If it’s all wrong, then it’s all got to change: Why sectarianism is bad for women

By Hisham Achkar

It’s no secret that Lebanon’s sectarian system is bad for, well, almost everyone unless you’re an entitled clan leader perpetuating the patriarchy. And it’s no secret that the sectarian system works by pitching various components of Lebanon’s ever-numerous minority groups against each other, while the erstwhile leaders reap the profits.

But there is one group which, at 52% of the Lebanese population, is actually a flat-out majority. And that group, in terms of their income, their employment, their access to health care, their representation in the unions and the local and national government, and their legal rights, is perpetually the most shafted of all.


What it comes down to, plain and simple, is that the sectarian regime is bad for women.



As the only majority group in Lebanon, women earn less than men. By a lot. In 2009, Lebanese women’s average annual salary was $2,430, compared to men’s $7,789[i]. That means that for every dollar a Lebanese man earns, a Lebanese woman earns 31 cents.


In 2002, Lebanon was ranked 153rd out of 163 countries in terms of women’s rate of economic activity[ii] – roughly, only one-third of Lebanese women are working[iii]. In terms of people who want to work but can’t find a job, more women (9.6%) than men (7.4%) are unemployed[iv].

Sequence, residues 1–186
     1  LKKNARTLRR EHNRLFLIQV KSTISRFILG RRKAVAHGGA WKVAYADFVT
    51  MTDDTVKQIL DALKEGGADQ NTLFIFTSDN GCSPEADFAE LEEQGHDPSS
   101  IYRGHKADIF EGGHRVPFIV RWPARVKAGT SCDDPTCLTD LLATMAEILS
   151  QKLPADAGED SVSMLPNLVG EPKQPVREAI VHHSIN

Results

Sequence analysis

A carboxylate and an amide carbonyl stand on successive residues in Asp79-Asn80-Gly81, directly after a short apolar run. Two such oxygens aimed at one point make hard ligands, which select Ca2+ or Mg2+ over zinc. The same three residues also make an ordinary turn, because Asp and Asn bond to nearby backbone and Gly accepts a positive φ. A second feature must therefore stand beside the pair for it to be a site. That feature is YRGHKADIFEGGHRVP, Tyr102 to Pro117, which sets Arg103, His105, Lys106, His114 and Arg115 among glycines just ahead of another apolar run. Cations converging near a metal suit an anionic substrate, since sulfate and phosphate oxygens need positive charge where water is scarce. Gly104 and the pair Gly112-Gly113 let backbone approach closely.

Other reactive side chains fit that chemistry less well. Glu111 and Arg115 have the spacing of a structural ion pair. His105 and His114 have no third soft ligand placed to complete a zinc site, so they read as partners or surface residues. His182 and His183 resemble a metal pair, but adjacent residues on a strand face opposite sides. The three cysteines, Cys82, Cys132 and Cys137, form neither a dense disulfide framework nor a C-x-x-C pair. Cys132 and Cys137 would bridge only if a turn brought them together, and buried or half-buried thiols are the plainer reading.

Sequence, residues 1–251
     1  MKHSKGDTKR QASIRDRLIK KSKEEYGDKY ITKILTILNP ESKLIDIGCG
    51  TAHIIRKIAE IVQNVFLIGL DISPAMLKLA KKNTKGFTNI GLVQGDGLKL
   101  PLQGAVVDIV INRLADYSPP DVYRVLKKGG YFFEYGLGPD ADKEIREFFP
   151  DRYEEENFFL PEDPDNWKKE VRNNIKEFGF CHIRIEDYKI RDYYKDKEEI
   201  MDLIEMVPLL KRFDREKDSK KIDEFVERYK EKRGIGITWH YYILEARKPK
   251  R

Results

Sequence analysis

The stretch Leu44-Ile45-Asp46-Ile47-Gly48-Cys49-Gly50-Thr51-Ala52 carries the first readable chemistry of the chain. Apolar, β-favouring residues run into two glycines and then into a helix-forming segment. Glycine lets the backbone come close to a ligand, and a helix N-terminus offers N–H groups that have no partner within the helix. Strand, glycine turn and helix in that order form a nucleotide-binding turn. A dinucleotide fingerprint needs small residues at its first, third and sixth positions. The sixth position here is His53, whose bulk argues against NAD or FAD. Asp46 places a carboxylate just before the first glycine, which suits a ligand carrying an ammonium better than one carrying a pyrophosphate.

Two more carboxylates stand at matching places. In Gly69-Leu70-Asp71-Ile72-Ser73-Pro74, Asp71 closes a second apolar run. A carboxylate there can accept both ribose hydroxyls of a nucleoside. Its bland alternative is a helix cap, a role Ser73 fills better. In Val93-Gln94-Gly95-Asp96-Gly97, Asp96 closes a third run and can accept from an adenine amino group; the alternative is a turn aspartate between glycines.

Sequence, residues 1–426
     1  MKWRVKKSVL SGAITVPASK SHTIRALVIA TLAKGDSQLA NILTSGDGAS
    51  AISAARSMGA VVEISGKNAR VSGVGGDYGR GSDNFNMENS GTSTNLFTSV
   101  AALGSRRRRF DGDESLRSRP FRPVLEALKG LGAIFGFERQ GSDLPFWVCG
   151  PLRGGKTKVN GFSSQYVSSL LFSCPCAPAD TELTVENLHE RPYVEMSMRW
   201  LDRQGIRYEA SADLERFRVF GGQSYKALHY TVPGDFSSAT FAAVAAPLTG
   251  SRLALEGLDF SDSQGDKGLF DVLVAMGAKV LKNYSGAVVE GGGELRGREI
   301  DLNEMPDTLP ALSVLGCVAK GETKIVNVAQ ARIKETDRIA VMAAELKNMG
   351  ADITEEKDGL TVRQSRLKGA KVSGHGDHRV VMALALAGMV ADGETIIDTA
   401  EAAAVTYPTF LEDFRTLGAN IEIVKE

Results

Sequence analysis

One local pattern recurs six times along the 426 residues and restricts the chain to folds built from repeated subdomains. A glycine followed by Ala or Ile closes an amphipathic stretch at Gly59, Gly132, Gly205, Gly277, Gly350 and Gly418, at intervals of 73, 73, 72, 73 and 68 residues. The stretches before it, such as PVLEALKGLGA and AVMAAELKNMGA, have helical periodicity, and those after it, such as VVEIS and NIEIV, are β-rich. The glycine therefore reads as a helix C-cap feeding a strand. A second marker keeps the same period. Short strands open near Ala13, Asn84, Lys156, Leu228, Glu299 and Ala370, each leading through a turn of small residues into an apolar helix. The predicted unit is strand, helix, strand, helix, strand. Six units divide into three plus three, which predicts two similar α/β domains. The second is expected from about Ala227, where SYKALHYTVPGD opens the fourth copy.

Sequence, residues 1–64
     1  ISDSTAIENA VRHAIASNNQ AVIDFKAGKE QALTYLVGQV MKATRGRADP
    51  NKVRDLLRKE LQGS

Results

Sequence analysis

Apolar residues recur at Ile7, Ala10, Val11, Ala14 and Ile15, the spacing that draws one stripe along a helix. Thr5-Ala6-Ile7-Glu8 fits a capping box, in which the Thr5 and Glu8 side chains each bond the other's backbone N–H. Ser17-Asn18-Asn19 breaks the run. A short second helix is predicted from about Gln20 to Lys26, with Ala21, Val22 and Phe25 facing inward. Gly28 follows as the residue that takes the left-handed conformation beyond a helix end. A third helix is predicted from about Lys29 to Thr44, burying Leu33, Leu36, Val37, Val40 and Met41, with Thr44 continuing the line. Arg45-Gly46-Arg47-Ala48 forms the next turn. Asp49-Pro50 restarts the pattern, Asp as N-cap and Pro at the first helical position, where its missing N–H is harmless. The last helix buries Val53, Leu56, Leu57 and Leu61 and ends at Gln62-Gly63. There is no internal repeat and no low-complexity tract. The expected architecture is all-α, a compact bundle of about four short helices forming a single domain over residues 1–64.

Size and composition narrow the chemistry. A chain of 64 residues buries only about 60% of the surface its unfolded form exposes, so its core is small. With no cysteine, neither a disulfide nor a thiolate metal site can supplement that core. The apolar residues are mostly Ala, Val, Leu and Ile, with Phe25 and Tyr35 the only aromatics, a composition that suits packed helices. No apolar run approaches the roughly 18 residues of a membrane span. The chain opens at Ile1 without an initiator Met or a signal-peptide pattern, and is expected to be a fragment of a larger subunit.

When they are employed, working conditions are not good for women. Women’s incomes are unfairly taxed, as they cannot access the tax breaks provided to married men or to the male head of household, regardless of her marital status or the support she provides her family[v].


At only seven weeks, Lebanon’s maternity leave is the shortest in the Arab region and, although women cannot be fired for getting pregnant, their employment can be terminated for “other” reasons throughout their pregnancy and maternity leave[vi]. Moreover, only 46% of all women (and only 17% of extremely poor women)[vii] are covered by even one type of health insurance.


When it comes to political engagement and representation for women, Lebanon flat out sucks. There are only four women in Parliament, out of 128 seats, and only 12 women were even candidates for the 2009 elections. These figures are lower than the average for the Middle East and North Africa, which already boasts the lowest average in the world[viii]. Moreover, the last Cabinet only had one woman out of 32 Ministers; the first ever woman Minister in the Cabinet was in 2004.


In terms of holding positions of decision-making, the situation is replicated in the public and sectors: As of 2008, only 3.8% of Lebanese ambassadors are women, 13.6% hold the position of director-general, and only 0.4% of all municipalities are headed by a woman[ix]. As of 2000, no woman held a leadership position in any of Lebanon’s trade unions or professional associations, and there was only one female dean in a Lebanese university[x]. It should be pointed out, however, that 45% of NGOs in Lebanon are administered by women[xi]. Go figure.